A lack of education around mental health issues is playing a role in Fraser North students missing out on needed services, according to a recently released McCreary Centre Society report on B.C. Adolescent Health.
“In the year before they took the survey, 18 per cent of Fraser North students felt they had needed mental health services but had not accessed them,” said McCreary’s executive director, Annie Smith.
“This was a local increase from 12% five years earlier. This is obviously concerning as are the reasons youth gave for not accessing these services, which included not wanting their parents to know.”
Fraser North health service delivery area is comprised of four school districts: New Westminster (SD 40), Burnaby (SD 41), Maple Ridge-Pitt Meadows (SD 42), and Coquitlam (SD 43).
The survey is completed every five years.
Results have been sent to the school districts but it is at their discretion to post them.
Smith said the issue was not so much a lack of services for students, but many who were questioned during the 2018 survey, said they did not know how to go about attaining them.
“I think the number one thing that young people said they wanted to learn more about in school is mental health, so I think they’re really struggling with feeling anxious,” Smith said.
She added the students want to know what “normal” is, how to spot a mental health condition, and how to distinguish between general and problem anxiety.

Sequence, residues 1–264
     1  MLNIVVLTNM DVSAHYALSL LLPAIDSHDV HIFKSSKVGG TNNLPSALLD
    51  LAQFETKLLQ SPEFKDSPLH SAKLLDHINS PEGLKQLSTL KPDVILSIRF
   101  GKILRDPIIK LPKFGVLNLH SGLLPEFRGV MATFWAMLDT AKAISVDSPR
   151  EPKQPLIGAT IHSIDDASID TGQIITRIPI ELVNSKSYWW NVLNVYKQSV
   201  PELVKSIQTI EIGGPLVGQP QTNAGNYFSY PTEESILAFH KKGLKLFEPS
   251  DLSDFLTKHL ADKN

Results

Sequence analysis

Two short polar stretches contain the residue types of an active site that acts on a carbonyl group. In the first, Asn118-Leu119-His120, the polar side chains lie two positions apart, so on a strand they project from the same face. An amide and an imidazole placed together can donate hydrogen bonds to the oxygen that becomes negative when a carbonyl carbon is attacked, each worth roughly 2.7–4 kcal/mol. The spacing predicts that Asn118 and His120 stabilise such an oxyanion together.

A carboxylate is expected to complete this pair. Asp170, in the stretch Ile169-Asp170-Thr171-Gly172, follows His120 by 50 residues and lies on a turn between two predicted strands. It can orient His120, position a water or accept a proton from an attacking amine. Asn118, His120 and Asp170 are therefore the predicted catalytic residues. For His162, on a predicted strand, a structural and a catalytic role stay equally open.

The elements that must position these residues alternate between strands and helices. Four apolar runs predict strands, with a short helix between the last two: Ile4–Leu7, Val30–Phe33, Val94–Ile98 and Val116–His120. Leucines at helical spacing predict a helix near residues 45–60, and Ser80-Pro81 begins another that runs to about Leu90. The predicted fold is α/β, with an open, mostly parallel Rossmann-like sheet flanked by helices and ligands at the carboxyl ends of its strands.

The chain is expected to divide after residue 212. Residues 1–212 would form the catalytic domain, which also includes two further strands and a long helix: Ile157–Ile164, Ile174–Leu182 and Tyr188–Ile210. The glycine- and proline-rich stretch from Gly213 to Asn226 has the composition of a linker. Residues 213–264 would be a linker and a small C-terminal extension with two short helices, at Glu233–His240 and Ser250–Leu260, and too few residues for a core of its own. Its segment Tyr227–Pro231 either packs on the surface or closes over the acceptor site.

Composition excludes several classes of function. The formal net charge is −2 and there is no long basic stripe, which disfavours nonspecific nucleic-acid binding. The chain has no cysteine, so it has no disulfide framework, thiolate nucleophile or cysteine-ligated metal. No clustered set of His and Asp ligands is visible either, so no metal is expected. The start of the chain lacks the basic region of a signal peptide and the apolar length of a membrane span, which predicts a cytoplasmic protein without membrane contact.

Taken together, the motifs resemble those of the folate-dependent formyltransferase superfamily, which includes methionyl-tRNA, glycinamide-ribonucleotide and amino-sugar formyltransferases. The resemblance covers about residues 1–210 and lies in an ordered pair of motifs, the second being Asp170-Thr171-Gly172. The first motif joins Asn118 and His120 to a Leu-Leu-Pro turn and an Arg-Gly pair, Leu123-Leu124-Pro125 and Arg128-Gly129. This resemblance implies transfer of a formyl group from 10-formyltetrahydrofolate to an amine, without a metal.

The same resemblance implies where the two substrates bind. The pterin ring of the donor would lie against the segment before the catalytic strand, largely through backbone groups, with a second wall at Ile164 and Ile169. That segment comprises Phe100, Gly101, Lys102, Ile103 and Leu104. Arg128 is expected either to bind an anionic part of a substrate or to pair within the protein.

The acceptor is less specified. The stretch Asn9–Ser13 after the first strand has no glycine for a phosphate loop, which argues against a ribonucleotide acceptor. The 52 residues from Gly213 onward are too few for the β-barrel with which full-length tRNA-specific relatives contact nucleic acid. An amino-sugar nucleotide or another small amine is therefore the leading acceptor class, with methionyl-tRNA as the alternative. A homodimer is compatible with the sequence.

Communication with the elder generation is proving difficult for many too.
“We’ve heard from a lot of young people that parents just dismiss how they’re feeling and they don’t know where to go to get help,” Smith said.
“They don’t know who to talk to.”
The survey did have some bright spots for local students as well, however. Even though there are more kids experiencing mental health issues, on the whole, most youth feel positive about their quality of life. 79 per cent indicated they had a good life and 77 per cent could name something they were really good at.
“There were definitely a lot of positives locally,” Smith said.
“Youth had somebody they could turn to in their community outside their families, which you don’t see in all areas, and [ youth reported] much lower substance use than we see in some communities as well.”
Fraser North youth were less likely than their peers across BC to have tried tobacco (14 per cent vs. 18 per cent), alcohol (38 per cent vs. 44 per cent), and marijuana (20 per cent vs. 25 per cent).
A copy of the report, Balance and connection in Fraser North: The health and well-being of our youth, and an accompanying Power Point of the results are available at www.mcs.bc.ca.